what would you be doing at this point?
Chiasmus in Joshua 5:1-9
A their hearts melted in fear because of the Israelites. (5:1)
B circumcision (5:2-3)
C none born in the wilderness were circumcised (5:4-5)
D The Lord swore he would not let them see the land (5:6)
C’ not having been circumcised on the way (5:7)
B’ after circumcision (5:8)
A’ I have rolled away the reproach of Egypt from you (5:9)
“On the evening
Notice
that Passover
was
at Gilgal the
same place
No record
of Passover
celebration
since
were
circumcised.
days of
of the fourteenth
Mt. where
Sinai 38they
years
before.
NumbersThe
9:1-14
wandering are over.
day of the month,
while camped at
Gilgal on the
plains of Jericho,
the Israelites
celebrated the
Passover.” (Joshua
5:10, NIV)
No male,
Israelite
or foreigner
to eat
Passover
is on
a specific
day in theis Hebrew
Passover
Exodus
calendar;
theunless
timingcircumcised.
of events had
to be 12:48
perfect.
“The day after the Passover, that very day, they ate some of the
produce of the land: unleavened bread and roasted grain. The
manna stopped the day after they ate this food from the land;
there was no longer any manna for the Israelites, but that year
they ate the produce of Canaan.” (Joshua 5:11–12, NIV)
• Likely the people living in the promised land fled to
• God had taken his people out of Egypt, now He
the walled city of Jericho and left behind their
had to take Egypt out of His people.
grain.
• Manna represented the provision of their
• Psalms 23:5 “You prepare a table before me in the
wandering and rebellion.
presence of my enemies;”
• Now they were allowed to eat the provision of
• Manna was food for the unfaithful generation that
their inheritance in the promise land.
wandered the desert.
Joshua Meets the Commander
of the Lord’s Army
“Then Moses said to [the Lord], “If your Presence does not go
with us, do not send us up from here.” (Exodus 33:15, NIV
“Now when Joshua was near Jericho, he
looked up and saw a man standing in front of
him with a drawn sword in his hand. Joshua
went up to him and asked, “Are you for us or
for our enemies?”” (Joshua 5:13, NIV)
• Joshua appears to be alone and is looking
at Jericho, probably to plan an attack.
• In Joshua’s mind the “man” with a sword
was either an Israelite or Canaanite.
• The sword represents two things:
• The Word of God; and
• The delay in God’s judgment is over.
““Neither,” he replied, “but
as commander of the army of
the LORD I have now come.”
Then Joshua fell facedown to
the ground in reverence, and
asked him, “What message
does my Lord have for his
servant?”” (Joshua 5:14, NIV)
• “Neither” is how the “man” is saying
he is not a mortal; he is not an
Israelite or Canaanite.
• Most commentators agree the
“man” is the pre-incarnate Christ.
• “Now come” refers to how God is
now going to take charge of this
battle, which means Joshua is no
longer in charge of the situation.
• Joshua the soldier then recognizes
he is relieved of duty and
pronounces himself a servant.
“The commander of the LORD’s army
replied, “Take off your sandals, for
the place where you are standing is
holy.” And Joshua did so.” (Joshua
5:15,
NIV)was in heathen territory,
• Joshua
but the Lord was present and
the ground was now holy.
• The dirt on Joshua’s sandals
represented the sin of life in the
desert.
““Do not come any closer,”
God said. “Take off your
sandals, for the place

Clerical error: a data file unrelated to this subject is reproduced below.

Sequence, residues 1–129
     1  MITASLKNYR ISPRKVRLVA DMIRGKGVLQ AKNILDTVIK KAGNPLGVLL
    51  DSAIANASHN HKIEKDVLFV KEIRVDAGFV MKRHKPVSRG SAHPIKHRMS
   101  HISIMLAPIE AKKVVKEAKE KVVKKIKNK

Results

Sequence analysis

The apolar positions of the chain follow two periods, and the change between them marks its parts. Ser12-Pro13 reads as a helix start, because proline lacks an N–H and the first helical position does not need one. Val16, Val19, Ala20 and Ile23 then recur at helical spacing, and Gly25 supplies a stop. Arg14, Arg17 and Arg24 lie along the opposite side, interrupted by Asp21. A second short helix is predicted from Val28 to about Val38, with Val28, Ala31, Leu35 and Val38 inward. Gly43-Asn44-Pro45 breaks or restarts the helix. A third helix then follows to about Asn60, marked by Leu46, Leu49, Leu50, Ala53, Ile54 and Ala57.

where you are standing is
holy ground.”” (Exodus 3:5,
NIV)
Preview of chapter 6
First two verses
“Now
Jericho was shut up inside
and outside because of the
people of Israel. None went out,
and none came in. And the LORD
said to Joshua, “See, I have given
Jericho into your hand, with its
king and mighty men of valor.”
(Joshua 6:1–2, ESV)
God is speaking in the past
tense about a future event.
Jericho was shutting out the
army of Israel and by obstinacy
shutting up any attempt to
reconcile or seek peace.
Chiasmus in Joshua 5:13-6:2
A Commander appears to Joshua with a drawn sword in his hand (5:13)
B Joshua falls on his face on the ground and worships (5:14b)
C Joshua asks Commander for word from the Lord (5:14c)
C’ Commander gives Joshua a word from the Lord (5:15a)
B’ Commander confirms that Joshua is on holy ground (5:15b)
A’ Lord tells Joshua he has already given Jericho into his hand (6:2)
What do we learn from chapter 5?
• The sequence and timing here is significant:
• Crossing the River Jordan (obedience)
• Fear in the hearts of pagans in Canaan (promised in Exodus 23:27)
• Circumcision (sacrifice, consecration and separation)
• Healing (protection)
• Reproach of Egypt removed (cleansing)
• Passover (celebration NOT allowed for uncircumcised)
• Manna stops & Israelites eat natural food (provision)
• Commander of the Lord’s army appears (presence)
• Worship
• Holy ground
• Heavenly warfare
What do we learn from chapter 5?
• Joshua was going about the business that the Lord had
assigned to him—conquering Canaan—when the Lord
himself showed up.
• It is while we are in the course of duty that we are most likely to
receive unusual blessing.
• Joshua asked the Commander what message he had.
• It is better to listen than to talk when in the presence of the Lord.
What do we learn from chapter 5?
• Joshua the soldier surrendered to the Commander and offered
himself as servant.
• “Not until we take the place of a servant can Jesus take His place
as Lord.*”
• God prepared His people before they engaged in the battle to take
Jericho and the land of Canaan.
• The spirit of God will never take you to a place where the grace of
God cannot hold you.
• God does not just call the prepared, he prepares the called.
*Watchman Nee
What do we learn from chapter 5?
• Fear of the Lord alone is not sufficient.
• Fear of the God of Israel caused the Canaanites to lose courage,
but it did not cause the Canaanites to repent.
• Rather than trust the Lord they trusted the walls of Jericho.
• Circumcision after entering the promised land.
• Involves blood and sacrifice.
• It came only after the people crossed the Jordan
• God would rather have your obedience than your sacrifice.*
*1 Samuel 15:22, Proverbs 21:2, Hosea 6:6, Jeremiah 7:22-23
PowerPoint Access Online
www.bccmv.org/book-of-joshua
Bethany Homepage/media/resources/Book of Joshua
www.Microsoft.com for free PowerPoint viewer
Bibliography
• Be Strong, Wiersbe, Warren W., Be Commentary Series.
• The Bible Knowledge Commentary, Campbell, Donald K.
• Opening Up Joshua, Ellsworth, Roger, Opening Up Commentary.
• Matthew Henrys Commentary on the Whole Bible: Henry, Matthew.
• Warren W. Wiersbe’s Expository Outlines on the Old Testament
Wiersbe, Warren, W.
• Commentary on the Book of Joshua, Calvin, John, and Henry
Beveridge.
• The Teachers Bible Commentary, Philbeck, Ben F.
• The Books of History, Smith, James E., Old Testament Survey Series.
• Joshua’s Spiritual Warfare, Clarke, Thomas B.